The linguistic sub-discipline that studies the physical characteristics of speech sounds is phonetics .


With regard to the phonetic structures of languages, individual sounds are also the smallest meaning-distinguishing language elements, so-called phonemes . A sound is also a phoneme in a certain language if it causes a change in meaning when it is exchanged for another sound in the same sound environment. In German, for example, the "suppository r" [⁠ ʁ ⁠] and the "tongue r" [⁠ r ⁠] Although different sounds, but - regarded each - no phonemes because there is no case, where the one exchanged for the other would cause a difference in meaning of a word: The word “raven”, for example, means the same thing in both cases of articulation. However, the / r / “as such” is considered a phoneme, as there are words that acquire a new meaning after replacing the / r / with other sounds, such as in the word pair raven - honeycomb .

Which sounds count as phonemes differs across languages. What represents a phoneme in one language does not have to be in another. The number of phonemes also often varies greatly depending on the language. With only 13 phonemes , the Hawaiian language has one of the lowest phoneme numbers of all known languages ​​and the Pirahã language has only 10 of them. In contrast, the language ǃXóõ has the highest number of phonemes with 141. Most languages ​​have around 30 to 50, on average 40 phonemes, which should have proven to be the most practical number insofar as there is still a certain linguistic economy and, on the other hand, sufficient differentiation is guaranteed.

Analogous to spoken languages, these linguistic structural units are also referred to in sign languages ​​as "phonemes", of which each individual sign language has a specific inventory.

The linguistic sub-discipline Phonology undertakes the research and description of phonemes or speech sounds with regard to their functions in the individual languages . From this point of view, the spoken languages ​​are also classified according to whether they are tonal languages or stress languages . The former (such as Chinese languages ) are characterized by the fact that vowels in a syllable or in a morpheme can take on a different tone progression, i.e. they rise or fall in pitch, whereby this pitch change has a differentiating effect. (This means that the same word with a rising tone has a different meaning than with a tone that remains at the same pitch or falling.) In stress languages, on the other hand (for example all Indo-European languages ), a stress accent is placed on a vowel of a syllable, there are no meaningful differences Pitch differences.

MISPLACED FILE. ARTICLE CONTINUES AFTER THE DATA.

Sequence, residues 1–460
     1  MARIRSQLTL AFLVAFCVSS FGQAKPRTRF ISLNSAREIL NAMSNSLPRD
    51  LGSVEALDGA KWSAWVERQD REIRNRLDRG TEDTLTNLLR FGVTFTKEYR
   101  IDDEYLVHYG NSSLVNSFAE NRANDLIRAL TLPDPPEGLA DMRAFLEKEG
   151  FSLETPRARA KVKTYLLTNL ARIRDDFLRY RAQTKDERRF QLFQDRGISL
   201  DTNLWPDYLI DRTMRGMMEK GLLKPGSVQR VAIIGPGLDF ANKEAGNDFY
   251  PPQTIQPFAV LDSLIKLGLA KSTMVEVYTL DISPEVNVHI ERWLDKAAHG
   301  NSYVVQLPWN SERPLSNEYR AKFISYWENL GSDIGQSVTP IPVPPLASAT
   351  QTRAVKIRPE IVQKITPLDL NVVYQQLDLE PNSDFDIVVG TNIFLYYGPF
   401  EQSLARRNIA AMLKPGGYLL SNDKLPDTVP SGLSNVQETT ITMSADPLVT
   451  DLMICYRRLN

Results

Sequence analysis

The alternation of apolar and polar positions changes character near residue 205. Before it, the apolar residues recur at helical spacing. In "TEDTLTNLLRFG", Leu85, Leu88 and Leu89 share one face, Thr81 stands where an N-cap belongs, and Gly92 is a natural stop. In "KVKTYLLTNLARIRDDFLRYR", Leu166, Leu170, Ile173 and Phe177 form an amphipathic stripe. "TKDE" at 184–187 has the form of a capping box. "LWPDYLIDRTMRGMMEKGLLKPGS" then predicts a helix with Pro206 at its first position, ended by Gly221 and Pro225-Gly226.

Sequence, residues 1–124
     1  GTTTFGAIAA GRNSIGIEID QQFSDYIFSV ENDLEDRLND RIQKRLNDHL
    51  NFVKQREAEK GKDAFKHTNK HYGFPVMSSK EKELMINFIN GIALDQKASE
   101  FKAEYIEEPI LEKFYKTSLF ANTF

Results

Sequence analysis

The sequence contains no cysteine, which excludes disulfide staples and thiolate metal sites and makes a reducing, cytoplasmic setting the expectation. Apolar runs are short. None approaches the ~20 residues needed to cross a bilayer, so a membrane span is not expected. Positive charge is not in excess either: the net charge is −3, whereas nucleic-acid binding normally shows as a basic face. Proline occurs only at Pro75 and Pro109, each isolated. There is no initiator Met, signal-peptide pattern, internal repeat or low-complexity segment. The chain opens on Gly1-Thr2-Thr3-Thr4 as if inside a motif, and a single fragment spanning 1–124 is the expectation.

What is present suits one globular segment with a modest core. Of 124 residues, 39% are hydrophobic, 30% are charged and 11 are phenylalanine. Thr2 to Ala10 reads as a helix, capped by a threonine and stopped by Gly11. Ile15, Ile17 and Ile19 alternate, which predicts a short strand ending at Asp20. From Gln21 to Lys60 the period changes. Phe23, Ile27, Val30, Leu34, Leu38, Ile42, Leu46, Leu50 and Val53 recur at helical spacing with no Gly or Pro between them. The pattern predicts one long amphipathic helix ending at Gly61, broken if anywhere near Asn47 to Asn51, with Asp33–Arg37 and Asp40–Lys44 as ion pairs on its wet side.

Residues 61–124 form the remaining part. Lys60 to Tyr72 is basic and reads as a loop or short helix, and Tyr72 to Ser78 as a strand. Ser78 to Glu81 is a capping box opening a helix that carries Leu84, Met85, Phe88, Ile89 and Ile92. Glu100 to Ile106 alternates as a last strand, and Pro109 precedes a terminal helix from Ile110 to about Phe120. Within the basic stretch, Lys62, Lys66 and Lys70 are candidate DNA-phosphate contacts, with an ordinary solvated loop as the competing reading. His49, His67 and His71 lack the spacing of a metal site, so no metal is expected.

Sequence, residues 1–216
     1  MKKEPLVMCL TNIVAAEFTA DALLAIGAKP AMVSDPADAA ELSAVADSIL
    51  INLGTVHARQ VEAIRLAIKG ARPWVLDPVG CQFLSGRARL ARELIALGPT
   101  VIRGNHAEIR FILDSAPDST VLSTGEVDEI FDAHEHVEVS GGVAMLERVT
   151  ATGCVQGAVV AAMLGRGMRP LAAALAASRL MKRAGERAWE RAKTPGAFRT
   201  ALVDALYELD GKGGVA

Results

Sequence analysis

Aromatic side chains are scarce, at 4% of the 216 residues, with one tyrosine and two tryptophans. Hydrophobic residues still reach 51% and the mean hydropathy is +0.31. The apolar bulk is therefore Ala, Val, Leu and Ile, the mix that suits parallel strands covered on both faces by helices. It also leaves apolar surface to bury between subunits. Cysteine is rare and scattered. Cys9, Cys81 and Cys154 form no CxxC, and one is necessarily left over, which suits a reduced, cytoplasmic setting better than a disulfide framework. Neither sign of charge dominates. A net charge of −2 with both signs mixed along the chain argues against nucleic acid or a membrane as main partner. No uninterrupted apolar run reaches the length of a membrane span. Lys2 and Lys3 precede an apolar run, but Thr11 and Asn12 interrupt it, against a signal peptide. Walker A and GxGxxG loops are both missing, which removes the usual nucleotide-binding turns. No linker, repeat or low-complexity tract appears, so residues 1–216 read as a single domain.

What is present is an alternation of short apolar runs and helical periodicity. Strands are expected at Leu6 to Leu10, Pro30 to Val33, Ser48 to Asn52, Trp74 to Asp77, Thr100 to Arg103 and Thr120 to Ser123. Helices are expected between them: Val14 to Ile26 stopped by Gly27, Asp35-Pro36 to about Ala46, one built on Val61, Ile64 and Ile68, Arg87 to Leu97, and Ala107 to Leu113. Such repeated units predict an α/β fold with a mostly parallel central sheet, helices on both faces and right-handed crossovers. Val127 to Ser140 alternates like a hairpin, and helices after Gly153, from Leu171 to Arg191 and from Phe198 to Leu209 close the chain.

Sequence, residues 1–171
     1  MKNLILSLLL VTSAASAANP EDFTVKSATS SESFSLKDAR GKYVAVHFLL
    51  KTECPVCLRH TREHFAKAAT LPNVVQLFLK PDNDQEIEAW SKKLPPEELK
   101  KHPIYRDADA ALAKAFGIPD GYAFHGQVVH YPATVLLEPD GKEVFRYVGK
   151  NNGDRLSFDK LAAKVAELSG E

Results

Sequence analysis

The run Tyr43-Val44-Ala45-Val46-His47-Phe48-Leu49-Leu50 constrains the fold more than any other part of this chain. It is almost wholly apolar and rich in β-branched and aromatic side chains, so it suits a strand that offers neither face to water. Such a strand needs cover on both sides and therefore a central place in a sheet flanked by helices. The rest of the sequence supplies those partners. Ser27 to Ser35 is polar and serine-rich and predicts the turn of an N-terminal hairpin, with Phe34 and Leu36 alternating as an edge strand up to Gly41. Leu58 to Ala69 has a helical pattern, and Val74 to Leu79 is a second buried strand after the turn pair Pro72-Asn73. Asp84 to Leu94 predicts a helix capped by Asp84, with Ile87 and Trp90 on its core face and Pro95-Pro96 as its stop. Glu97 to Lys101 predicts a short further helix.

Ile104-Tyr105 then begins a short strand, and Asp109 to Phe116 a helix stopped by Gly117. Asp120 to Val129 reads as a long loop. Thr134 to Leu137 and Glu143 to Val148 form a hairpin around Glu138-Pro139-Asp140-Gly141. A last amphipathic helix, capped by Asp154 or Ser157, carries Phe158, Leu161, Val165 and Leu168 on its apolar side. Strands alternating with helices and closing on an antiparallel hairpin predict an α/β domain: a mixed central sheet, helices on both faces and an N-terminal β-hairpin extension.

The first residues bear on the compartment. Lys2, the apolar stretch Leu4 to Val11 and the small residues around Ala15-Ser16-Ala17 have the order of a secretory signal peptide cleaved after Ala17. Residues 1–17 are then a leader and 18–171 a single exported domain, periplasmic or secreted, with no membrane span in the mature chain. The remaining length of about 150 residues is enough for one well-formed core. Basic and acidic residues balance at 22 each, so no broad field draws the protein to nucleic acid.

Spoken language and writing

When describing the inventory of characters in a language and when classifying languages ​​according to certain criteria, linguistics generally assume the pronunciation of the linguistic elements, i.e. the phonetic realization of the language. The written implementation of a language serves to "preserve" it and can take very different forms. For the time being, it has basically no connection with the phonetic reality of languages. However, certain conventions were formed for all written languages. For example, the volume solely by means of Latin letters [⁠ ʃ ⁠] in German as rendered as <sch> in "goulash" in English as <sh> as in "cash," cash ", in Hungarian with <s > as in "gulyas" 'goulash soup', in Italian with <sc> as in "scena" 'scene, stage' or in French with <ch> as in "chaine", 'chain'. On the other hand, no difference between the voiced (used in German in the textualization [⁠ ʒ ⁠] ) and the voiceless ([ʃ]) variant made of "sh" -Lautes while for example in French in addition to the voiceless articulated <ch> the Voiced "sch" with <g> as in "gendarme", "Gendarm" or with <j> as in "jour", "Tag" is written. (The different spellings result from the respective word history.) The fact that conventions can only have limited validity is shown, among other things, in spelling reforms .

Non-linguists, on the other hand, usually do not start from the articulation of the sounds, but from their written representation: For example, linguistic laypeople use this or that "letter" when actually a certain "sound" is meant, from which it is incorrectly derived that a particular letter must always be articulated in the same way. The fact remains that a letter often does not indicate a sound itself, but a sound quality. (For example, the letter <e> in See is pronounced differently in German than in Meer, and the doubling of the vowel means that the vowel is pronounced long.) Also the question of whether the spelling of either this or that language is closer to the actual pronunciation corresponds to the words (i.e. whether writing and pronunciation tend to or tend not to "match") is also an amateurish question because the written form of one's own spoken language is usually interpreted as the correct norm. This is why the pronunciation of a word in another language - unless the phonetic transcription is used - is reproduced in writing as if it were a word in one's own language.


  • Patricia Ashby: Speech Sounds. Routledge, London 1998, ISBN 0-415-08571-3 .
  • Heikki J. Hakkarainen: Phonetics of German. Fink, Munich 1995, ISBN 3-8252-1835-X .
  • Allen Tracy Hall: Phonology. An introduction. De Gruyter, Berlin 2000, ISBN 3-11-015641-5 .
  • Katharina Puls: German sign language and German spoken language. A phonetic / phonological comparison. Unpublished Mag.Schr. Hamburg 2006.
  • Elmar Ternes: Introduction to Phonology. 2nd edition. Wissenschaftliche Buchgesellschaft, Darmstadt 1999, ISBN 3-534-13870-8 .

Web links

Wiktionary: spoken language  - explanations of meanings, word origins, synonyms, translations

Individual evidence

  1. ^ Britta Günther, Herbert Günther: First language, second language, foreign language: An introduction. Beltz-Verlag, Weinheim 2007, ISBN 978-3-407-25474-0 , pp. 40f.